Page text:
Trust in Media in Iceland Dwindles Skip to content

Trust in Media in Iceland Dwindles

According to a new opinion poll conducted by market research company MMR, trust is the media in Iceland has decreased compared to a poll conducted in December 2008.

Overall, 44.1 percent of respondents declared that they do not trust the media, up from 31 percent in December, a significantly higher percentage than people who do trust the media, 4.1 percent, compared to 4.7 percent in December, Morgunbladid reports.

Icelandic newspapers. Photo by Páll Stefánsson.

“I believe this conclusion reflects the discussion in society after the banking collapse that the media have not done their duty,” said Birgir Gudmundsson, a lecturer in journalism at the social sciences and law department at the University of Akureyri.

National broadcaster RÚV remains the country’s most trusted media outlet, with 69.9 percent of respondents declaring their trust for its reporters, down from 76.7 percent in December, and only 8.0 percent not trusting RÚV, up from 5.6 percent in the last poll.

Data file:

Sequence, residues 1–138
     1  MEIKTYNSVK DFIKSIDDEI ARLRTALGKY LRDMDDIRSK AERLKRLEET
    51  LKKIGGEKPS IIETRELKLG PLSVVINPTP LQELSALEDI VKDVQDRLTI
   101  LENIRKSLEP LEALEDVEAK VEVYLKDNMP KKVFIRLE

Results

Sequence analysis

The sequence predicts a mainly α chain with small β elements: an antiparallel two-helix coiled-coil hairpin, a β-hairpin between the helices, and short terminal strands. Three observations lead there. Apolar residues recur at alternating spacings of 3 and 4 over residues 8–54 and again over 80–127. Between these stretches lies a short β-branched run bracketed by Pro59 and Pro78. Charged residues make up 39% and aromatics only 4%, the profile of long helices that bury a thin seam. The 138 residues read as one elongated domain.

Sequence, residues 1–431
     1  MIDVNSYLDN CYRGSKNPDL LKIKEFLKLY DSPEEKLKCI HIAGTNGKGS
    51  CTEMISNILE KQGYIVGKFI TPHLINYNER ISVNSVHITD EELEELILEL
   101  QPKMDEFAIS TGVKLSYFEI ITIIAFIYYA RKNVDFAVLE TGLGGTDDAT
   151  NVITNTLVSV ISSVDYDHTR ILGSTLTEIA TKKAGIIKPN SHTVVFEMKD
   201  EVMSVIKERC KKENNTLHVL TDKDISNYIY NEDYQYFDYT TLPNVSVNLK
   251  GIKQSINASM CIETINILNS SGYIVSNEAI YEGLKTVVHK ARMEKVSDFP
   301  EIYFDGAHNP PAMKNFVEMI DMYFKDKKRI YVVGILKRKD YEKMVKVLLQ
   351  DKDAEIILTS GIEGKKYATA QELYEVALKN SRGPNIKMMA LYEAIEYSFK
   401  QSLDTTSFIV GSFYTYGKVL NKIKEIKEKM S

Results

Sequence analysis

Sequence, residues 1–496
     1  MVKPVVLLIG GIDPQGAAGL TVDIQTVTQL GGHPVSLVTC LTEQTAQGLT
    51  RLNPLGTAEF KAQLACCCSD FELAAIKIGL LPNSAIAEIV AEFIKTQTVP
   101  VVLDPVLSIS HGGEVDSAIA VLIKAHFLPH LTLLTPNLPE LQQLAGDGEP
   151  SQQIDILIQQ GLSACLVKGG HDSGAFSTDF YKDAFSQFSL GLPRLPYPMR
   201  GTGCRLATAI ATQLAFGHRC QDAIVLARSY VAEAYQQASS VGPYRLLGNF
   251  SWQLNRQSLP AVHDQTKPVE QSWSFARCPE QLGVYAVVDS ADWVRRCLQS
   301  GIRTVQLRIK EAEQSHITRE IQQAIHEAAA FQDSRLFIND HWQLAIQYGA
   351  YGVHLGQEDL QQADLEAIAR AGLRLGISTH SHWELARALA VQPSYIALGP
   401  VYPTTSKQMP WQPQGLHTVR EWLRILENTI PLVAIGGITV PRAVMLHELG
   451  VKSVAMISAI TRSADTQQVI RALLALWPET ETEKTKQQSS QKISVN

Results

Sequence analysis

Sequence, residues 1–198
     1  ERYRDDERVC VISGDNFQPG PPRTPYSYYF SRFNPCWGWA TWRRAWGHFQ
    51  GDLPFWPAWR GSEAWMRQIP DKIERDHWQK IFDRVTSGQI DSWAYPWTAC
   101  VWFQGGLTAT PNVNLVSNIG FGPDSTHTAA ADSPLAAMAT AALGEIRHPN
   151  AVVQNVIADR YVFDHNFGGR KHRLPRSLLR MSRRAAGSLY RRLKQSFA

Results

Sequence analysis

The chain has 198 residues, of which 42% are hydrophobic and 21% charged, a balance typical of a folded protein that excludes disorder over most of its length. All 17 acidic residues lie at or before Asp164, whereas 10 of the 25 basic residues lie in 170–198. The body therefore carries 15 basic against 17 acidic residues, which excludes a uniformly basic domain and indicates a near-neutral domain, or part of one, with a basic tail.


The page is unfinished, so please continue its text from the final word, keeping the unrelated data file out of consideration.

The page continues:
Morgunbladid and its online version follow suit with more than 50 percent of respondents declaring these media outlets trustworthy and 14 to 16.8 percent declaring them not trustworthy.

Gudmundsson said it is noteworthy that the ownership structure of media outlets influences the trust people place in them. “The media outlets that were owned by the ‘outvasion Vikings’ or wealthy individuals whose connections to the media were discussed have lost most trust.”

In December 49 percent of respondents said they had faith in the news department of the television station Stöd 2, which has now dropped to 36.4 percent. The same goes for daily newspaper Fréttabladid, which is owned by the same company as Stöd 2 and which trustworthiness dropped from 45.2 percent to 34.3 percent.

The least trusted media outlet in Iceland remains tabloid newspaper DV, in which 71.9 percent of respondents have little faith, up from 69.4 percent in December.

Gudmundsson pointed out that the public’s trust in all social institutions has dwindled since the crisis hit, including universities, parliament, courts and the church. “This conclusion indicates that people have generally become much more critical.”

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